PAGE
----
Possible Personal Lessons:

About Core attributes:

o       Confidence and faith – one has to believe one can take care of oneself (and dependents) in case of failure.

o       Determination

o       Independent-minded – people who need structure (i.e. someone to tell them what to do, e.g. religious cults and armies) won’t succeed as entrepreneurs. You need to have independent thinking and also have similar people in your team to run your startup.

o       Whole hearted involvement - a lot of people want to do something of their own, but are hesitant to leave their cushy and stable jobs to do so. They try to do something on the side, or over the weekends. This is an unworkable strategy. You must start the business activity full time with no other distraction.

o       Personal risk – ‘Uncertainty’ is an integral part of the startup experience. Putting your family (if they depend on you) in financial risk is not a good idea. You should look for ways to minimize that. ‘Hope for the best, but prepare for the worst’.

About team and people:

o       Co-founder(s) with common values and complementary skills – running a startup alone is very difficult. You should always have one or more cofounders. Besides the entrepreneurial streak (sense of adventure) the most important criteria are trust and common values. Overlapping skills can cause stepping on toes and decision paralysis. It is especially helpful if one of the cofounders has business skills (finance, operations, etc).

o       Do it all yourself is a bad strategy – it is tempting to do everything yourself, but it is important to find a balance between cost-cutting and expertise. You should know your limitations and weaknesses and be willing to give away stake or control to someone who has the expertise.

o       Avoid friends and relatives – you should avoid risking special relations or friendships to get a partner. History has shown that business partnerships cause damage to relationships. It is best to assume that it will happen to you also.

o       Get professional help – for government matters (taxation, immigration, etc) you should only get the best professional help even if it costs. You don’t want any distraction away from your business.

About focus and timeline:

o       Focused but flexible – in reality small businesses have to do many things that customers may ask, but that should be viewed only as exception. The focus (the initial idea) may also shift over time; in fact in most cases it does evolve as you gradually develop a better understanding of the marketplace.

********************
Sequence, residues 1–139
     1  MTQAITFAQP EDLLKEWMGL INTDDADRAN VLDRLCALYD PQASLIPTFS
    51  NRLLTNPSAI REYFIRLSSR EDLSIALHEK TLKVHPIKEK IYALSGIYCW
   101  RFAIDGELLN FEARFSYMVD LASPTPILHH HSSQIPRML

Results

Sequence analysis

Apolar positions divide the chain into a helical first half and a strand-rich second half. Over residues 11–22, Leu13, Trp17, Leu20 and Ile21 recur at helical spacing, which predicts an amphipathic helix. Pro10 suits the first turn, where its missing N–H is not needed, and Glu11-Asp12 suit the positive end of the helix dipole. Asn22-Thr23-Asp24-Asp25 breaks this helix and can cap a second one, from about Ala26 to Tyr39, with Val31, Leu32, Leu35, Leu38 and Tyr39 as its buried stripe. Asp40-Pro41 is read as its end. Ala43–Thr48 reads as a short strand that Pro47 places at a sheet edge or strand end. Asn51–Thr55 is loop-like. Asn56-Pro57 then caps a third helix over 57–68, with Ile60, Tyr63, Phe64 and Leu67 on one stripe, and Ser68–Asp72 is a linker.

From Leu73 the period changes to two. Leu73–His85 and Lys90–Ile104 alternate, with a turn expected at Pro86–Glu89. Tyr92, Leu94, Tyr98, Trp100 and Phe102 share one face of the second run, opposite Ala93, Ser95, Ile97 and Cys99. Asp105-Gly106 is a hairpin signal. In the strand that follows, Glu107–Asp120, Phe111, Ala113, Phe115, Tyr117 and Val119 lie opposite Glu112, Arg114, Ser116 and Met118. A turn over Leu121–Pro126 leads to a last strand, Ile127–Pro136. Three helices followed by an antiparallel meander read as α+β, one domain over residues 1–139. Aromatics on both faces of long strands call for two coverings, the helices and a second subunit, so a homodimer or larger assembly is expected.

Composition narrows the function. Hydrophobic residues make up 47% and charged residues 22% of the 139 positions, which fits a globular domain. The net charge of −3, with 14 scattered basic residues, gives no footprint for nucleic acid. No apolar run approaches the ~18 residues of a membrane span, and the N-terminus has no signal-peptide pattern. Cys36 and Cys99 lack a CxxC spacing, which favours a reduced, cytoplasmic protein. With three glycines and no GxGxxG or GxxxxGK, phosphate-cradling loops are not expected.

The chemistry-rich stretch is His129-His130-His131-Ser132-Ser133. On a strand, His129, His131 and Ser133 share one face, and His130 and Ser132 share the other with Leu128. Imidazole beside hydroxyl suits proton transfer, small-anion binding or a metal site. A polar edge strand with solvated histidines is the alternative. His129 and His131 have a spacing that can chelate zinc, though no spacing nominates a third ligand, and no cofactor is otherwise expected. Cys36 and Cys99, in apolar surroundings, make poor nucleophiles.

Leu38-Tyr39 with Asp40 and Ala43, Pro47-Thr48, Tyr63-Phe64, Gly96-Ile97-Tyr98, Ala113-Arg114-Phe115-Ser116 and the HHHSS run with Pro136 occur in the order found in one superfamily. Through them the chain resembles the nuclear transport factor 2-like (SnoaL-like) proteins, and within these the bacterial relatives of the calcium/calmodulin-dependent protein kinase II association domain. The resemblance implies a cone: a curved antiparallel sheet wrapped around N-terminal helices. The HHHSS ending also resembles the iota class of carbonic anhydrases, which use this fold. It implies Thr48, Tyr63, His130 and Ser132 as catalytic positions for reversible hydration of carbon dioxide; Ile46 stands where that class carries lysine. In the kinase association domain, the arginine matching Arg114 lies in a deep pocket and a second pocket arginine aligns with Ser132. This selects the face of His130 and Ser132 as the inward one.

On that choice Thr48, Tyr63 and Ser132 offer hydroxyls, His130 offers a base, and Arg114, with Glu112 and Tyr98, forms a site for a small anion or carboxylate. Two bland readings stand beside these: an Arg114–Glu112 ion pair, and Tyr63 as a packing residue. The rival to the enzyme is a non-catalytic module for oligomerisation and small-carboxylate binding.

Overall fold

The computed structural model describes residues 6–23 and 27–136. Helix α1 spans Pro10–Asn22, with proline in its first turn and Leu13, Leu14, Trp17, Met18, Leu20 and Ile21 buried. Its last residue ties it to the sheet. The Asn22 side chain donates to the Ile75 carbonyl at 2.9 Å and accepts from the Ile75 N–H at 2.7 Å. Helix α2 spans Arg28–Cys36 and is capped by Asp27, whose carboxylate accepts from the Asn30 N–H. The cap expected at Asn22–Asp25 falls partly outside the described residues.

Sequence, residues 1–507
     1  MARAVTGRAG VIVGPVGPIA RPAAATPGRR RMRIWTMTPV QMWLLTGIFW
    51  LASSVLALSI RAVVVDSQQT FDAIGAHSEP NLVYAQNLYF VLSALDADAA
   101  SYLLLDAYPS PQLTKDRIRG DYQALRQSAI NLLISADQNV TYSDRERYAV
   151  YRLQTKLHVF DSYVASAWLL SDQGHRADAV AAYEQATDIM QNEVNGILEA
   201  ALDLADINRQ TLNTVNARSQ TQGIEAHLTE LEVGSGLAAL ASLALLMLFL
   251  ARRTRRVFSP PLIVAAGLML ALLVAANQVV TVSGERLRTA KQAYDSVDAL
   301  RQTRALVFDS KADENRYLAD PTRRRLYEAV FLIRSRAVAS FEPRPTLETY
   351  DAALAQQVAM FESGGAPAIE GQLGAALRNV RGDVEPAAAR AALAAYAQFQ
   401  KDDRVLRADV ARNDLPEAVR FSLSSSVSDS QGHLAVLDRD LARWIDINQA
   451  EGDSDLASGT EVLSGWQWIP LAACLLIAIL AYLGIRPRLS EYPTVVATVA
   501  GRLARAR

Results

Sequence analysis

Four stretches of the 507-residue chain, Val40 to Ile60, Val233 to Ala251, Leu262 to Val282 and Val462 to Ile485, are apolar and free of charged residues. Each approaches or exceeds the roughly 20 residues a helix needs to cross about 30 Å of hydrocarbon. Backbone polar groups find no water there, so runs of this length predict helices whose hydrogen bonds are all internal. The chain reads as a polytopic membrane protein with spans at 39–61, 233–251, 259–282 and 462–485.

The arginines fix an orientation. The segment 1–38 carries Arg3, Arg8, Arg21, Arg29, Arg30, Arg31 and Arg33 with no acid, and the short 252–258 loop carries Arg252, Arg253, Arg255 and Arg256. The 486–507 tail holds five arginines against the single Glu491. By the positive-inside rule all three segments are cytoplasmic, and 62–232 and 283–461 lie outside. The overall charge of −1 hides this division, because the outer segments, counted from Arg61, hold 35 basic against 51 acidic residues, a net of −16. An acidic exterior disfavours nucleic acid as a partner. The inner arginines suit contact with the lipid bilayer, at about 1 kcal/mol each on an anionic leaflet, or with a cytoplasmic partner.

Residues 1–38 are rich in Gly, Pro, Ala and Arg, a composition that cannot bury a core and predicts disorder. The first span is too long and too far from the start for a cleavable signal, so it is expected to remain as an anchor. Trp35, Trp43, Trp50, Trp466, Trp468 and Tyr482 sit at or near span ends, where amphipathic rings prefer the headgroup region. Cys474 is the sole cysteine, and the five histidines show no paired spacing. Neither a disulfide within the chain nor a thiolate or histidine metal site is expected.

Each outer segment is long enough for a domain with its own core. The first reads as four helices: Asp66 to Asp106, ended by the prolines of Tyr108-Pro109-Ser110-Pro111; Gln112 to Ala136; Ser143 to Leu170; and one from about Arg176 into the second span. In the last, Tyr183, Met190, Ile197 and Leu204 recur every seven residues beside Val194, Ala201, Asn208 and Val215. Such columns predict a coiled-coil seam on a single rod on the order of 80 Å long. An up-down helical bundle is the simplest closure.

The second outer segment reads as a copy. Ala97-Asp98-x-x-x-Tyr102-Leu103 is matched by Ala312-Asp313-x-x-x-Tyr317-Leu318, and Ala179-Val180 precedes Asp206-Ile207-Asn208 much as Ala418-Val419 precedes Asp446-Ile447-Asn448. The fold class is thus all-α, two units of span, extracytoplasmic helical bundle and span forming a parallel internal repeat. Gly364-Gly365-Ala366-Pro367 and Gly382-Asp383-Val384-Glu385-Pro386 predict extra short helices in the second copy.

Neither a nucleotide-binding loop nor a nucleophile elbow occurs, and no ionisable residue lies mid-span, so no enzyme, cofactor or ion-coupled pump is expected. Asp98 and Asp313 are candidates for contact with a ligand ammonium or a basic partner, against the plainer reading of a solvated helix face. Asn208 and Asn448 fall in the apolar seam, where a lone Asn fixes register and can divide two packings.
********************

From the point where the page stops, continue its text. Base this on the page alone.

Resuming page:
o       No grand plan or timeline – people have a tendency to set artificial time-lines to everything. ‘I will work in this company for x years’. ‘I will try this for x years’. ‘I will have a few affairs in a year and then get married’. A better approach is to say ‘only time will tell’. One knows when it’s time to make a change, or do things differently.

About customers:

o       Customer focus extremely important – Your services must be useful and compelling for the customer; customer is always right, even though sometimes he/she may be wrong! And finally, you should not blame customer for your troubles.

o       You will have two types of customers – customers who keep you profitable, customers who don’t – the latter type can most likely be viewed as marketing cost or as learning opportunity. So, don't lose them.

o       Large customers are important – may be unprofitable in the beginning, but lucrative in the long run. You should avoid having too many small customers as each customer requires a lot of attention and management bandwidth. Build relationships with key people on the customer side.


o       People and Networking must become a habit. People are the greatest asset in life. We give up these assets too easily due to petty differences of opinion, misunderstanding, poor communication, etc. You need to have a genuine interest in people.

o       Cost consciousness

o       Having competition is healthy – undue and untimely attention to competition is unhealthy and costly. It’s best to know what they do, but not worry about being run over.


The Team’s Comments:

-         Employee retention was difficult – due to poor infrastructure/facilities, low pay, etc

-         A few people latched on to the vision, stayed, have benefited

-         In the long run career is more about fun, team work, sense of accomplishment, than about ‘are you richer than your classmates’. I personally worked for a small company that couldn’t pay salary for a few months.

-         A good entrepreneur values employees who are entrepreneurs. You don’t need to start your own business to be entrepreneurial. It’s about being creative and having the courage to try your ideas.



Questions Disha audience asked:

  1. Describe the toughest challenge you faced.
  2. Why did you decide to get acquired by Aztec?
  3. What is your message to us?
  4. How did you manage to get business from Microsoft?